Global invasive species database

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Common name
biercol (English), Scots heather (English), Scotch heather (English), red-heath (English), ling (English), heather (English)
Synonym
Erica vulgaris , L
Similar species
Summary
Heather, Calluna vulgaris native to Africa, temperate Asia and Europe is an invasive weed in its introduced range in Australia, the United States, Canada and New Zealand. It has also been reported in the sub-Antarctic islands of Falklands and the Crozet Archipelago. Impacts include displacement of native species both plants and insects, and disruption of natural processes of plant regeneration and succession in tussock and shrub lands. Its seeds are known to remain viable in the soil for over 33 years.
Uses
Calluna vulgaris is used as a bee plant, as an ornamental, for erosion control and as a medicinal plant (USDA-ARS, 2010).

Principal source:

Compiler: IUCN SSC Invasive Species Specialist Group (ISSG) with support from the Overseas Territories Environmental Programme (OTEP) project XOT603, a joint project with the Cayman Islands Government - Department of Environment

Review:

Publication date: 2010-06-08

Recommended citation: Global Invasive Species Database (2018) Species profile: Calluna vulgaris. Downloaded from http://www.iucngisd.org/gisd/species.php?sc=1623 on 19-11-2018.

General Impacts
Calluna invades native tussock grasslands where it outcompetes native species. It colonises rapidly and forms dense stands up to one metre thick and persistent leaf litter which prevent establishment of native grasses and shrubs (Rogers & Leathwick). Mature stand of Calluna can be almost devoid of other species (CRC, 2003). It represents a major threat to native and rare plants in areas it infests, such as in New Zealand where it is the most widespread region in Tongariro National Park. It also threatens Moawhango Ecological District, a centre of endemism for plants and invertebrates.

By preventing native plants from establishing Calluna can also disrupt natural processes of plant regeneration and succession (Rogers & Leathwick, 1996). Phytophagous insect diversity and abundance has also been negatively affected by the invasion of Calluna in New Zealand due to changing habitat, loss or reduction of normal food plants or increased arachnid predation (Keesing, 1993). It can also alter pH and nutrient levels of soil around plants (Rogers, 1995a).

It has also invaded pasture lands in some areas of New Zealand, and causes management problems in recreational and army training lands in New Zealand (Syrett et al., 2000).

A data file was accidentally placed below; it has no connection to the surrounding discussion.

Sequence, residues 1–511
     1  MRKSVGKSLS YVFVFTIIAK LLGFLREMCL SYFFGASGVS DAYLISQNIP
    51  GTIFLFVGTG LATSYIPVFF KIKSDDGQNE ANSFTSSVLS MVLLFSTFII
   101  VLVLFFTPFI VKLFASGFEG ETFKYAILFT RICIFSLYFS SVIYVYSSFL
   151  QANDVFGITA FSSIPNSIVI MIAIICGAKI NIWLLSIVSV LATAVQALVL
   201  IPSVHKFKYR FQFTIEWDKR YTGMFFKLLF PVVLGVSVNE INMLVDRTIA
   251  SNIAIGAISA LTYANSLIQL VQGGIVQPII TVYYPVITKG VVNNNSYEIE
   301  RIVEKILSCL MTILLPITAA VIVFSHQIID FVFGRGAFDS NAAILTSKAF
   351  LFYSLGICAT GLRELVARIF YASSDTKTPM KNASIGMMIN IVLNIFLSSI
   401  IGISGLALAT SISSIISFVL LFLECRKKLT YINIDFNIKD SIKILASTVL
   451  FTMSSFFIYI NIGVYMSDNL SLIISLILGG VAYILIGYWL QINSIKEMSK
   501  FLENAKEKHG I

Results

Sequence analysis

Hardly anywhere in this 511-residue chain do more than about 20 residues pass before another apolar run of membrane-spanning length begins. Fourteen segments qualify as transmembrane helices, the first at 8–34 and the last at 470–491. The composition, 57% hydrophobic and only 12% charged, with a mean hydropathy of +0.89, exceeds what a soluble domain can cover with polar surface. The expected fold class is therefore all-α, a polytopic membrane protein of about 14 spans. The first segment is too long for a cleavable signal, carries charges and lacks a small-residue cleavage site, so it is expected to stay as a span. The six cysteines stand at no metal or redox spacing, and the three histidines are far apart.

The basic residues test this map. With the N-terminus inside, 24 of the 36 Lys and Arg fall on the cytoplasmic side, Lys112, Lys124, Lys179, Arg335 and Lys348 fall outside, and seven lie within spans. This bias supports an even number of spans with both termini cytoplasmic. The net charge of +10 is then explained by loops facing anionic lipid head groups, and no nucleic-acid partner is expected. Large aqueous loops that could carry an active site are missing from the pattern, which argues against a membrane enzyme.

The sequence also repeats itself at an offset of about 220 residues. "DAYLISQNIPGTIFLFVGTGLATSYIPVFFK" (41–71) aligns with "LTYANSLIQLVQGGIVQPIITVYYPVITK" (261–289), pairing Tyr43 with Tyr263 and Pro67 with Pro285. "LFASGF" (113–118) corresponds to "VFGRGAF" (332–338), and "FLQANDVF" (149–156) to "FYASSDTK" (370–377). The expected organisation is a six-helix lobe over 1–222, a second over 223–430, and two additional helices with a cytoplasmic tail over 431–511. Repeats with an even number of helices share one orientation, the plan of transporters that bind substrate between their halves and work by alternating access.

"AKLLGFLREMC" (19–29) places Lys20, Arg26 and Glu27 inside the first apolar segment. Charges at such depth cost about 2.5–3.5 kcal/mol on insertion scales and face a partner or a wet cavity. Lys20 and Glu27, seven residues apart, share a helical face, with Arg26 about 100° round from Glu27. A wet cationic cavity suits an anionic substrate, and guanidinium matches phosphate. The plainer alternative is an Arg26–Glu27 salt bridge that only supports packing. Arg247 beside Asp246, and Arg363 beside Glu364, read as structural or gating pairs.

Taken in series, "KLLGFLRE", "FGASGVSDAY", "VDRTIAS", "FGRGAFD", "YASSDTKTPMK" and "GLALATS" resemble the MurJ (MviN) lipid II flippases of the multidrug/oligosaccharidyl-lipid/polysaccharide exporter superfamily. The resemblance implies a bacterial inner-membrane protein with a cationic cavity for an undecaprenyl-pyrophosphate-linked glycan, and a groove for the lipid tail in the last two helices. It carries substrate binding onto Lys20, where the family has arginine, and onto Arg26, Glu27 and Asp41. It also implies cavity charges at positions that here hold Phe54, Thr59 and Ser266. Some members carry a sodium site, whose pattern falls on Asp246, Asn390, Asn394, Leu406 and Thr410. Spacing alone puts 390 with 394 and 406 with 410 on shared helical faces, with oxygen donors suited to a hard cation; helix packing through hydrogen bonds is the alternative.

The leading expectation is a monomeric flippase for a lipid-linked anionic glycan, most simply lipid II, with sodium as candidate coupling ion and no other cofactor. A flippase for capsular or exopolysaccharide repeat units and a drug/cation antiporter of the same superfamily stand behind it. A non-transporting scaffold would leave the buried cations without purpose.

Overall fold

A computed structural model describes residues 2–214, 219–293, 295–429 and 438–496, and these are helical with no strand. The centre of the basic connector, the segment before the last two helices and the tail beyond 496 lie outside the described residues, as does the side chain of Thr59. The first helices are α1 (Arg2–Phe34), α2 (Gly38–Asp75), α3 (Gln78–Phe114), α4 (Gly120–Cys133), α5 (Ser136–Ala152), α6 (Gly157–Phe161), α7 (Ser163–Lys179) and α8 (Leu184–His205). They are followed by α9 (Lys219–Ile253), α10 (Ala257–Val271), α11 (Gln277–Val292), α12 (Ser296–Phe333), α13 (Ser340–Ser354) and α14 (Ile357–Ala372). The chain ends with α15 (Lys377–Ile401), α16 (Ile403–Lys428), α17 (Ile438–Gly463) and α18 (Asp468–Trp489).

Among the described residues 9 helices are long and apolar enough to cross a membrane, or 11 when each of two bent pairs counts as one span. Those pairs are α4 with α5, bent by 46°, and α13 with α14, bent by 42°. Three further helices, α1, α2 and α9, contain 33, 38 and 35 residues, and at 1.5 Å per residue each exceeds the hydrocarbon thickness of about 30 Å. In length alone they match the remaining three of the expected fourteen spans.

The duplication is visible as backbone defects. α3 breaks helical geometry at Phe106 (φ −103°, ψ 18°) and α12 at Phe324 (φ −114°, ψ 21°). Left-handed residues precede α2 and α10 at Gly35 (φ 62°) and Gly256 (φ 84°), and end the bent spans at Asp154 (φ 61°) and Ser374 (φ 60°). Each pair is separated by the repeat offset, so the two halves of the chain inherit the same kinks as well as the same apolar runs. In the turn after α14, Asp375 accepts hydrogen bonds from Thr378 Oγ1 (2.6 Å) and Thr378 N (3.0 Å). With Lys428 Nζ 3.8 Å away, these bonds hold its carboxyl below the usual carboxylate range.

Management Info
Early detection and intervention are the most cost effective forms of weed control. Small infestations can be eradicated before it becomes established, if they are detected quickly. Follow up of control measures are important to ensure eradication has been successful; particularly as Calluna has a long-lived seedbank (CRC, 2003).

Preventative:In areas such as Australia where Calluna is not yet widespread, prevention and education are important to reduce spread. People are encouraged to plant and replace the weed with suitable alternatives. While it is still a permitted import, importation is discouraged. Additionally, care should be taken when buying seeds online or through mail order to check with quarantine that they are free of Calluna and other weeds (CRC, 2003).

Chemical: In New Zealand herbicides may be effective against Calluna. Herbicide trials conducted from 1991 onwards determined that Tordon Brushkiller and Roundup were the most effective herbicides, but that Hi Ester 2,4-D is the most cost effective herbicide for helicopter application over large stands. Helicopter application is the only feasible method for treating large stands of heather, even though it is less effective than hand methods. Herbicides must be applied at intervals of less than two years until the soil seed bank is exhausted (Rogers, 1995a). In Australia there are currently no herbicides registered for use against Calluna (CRC, 2003).

Biological Control: In New Zealand a biological control programme of heather using the heather beetle (Lochmaea suturalis) was implemented in 1990. This beetle is host specific to heather, and can cause substantial damage to plants through defoliation. Beetles were released at Tongariro National Park and surrounding areas, and at Rotorua sites from 1996 onwards. While success was initially poor at high altitude sites, by 2009 beetle populations were high and substantial damage was occurring at all release sites. Researchers expect beetle populations will continue to grow and disperse in subsequent years (Landcare Research, 2007; 2008; 2009).

Hand weeding: Ongoing hand weeding of may be an effective method of eliminating individual plants (Rogers, 1995b).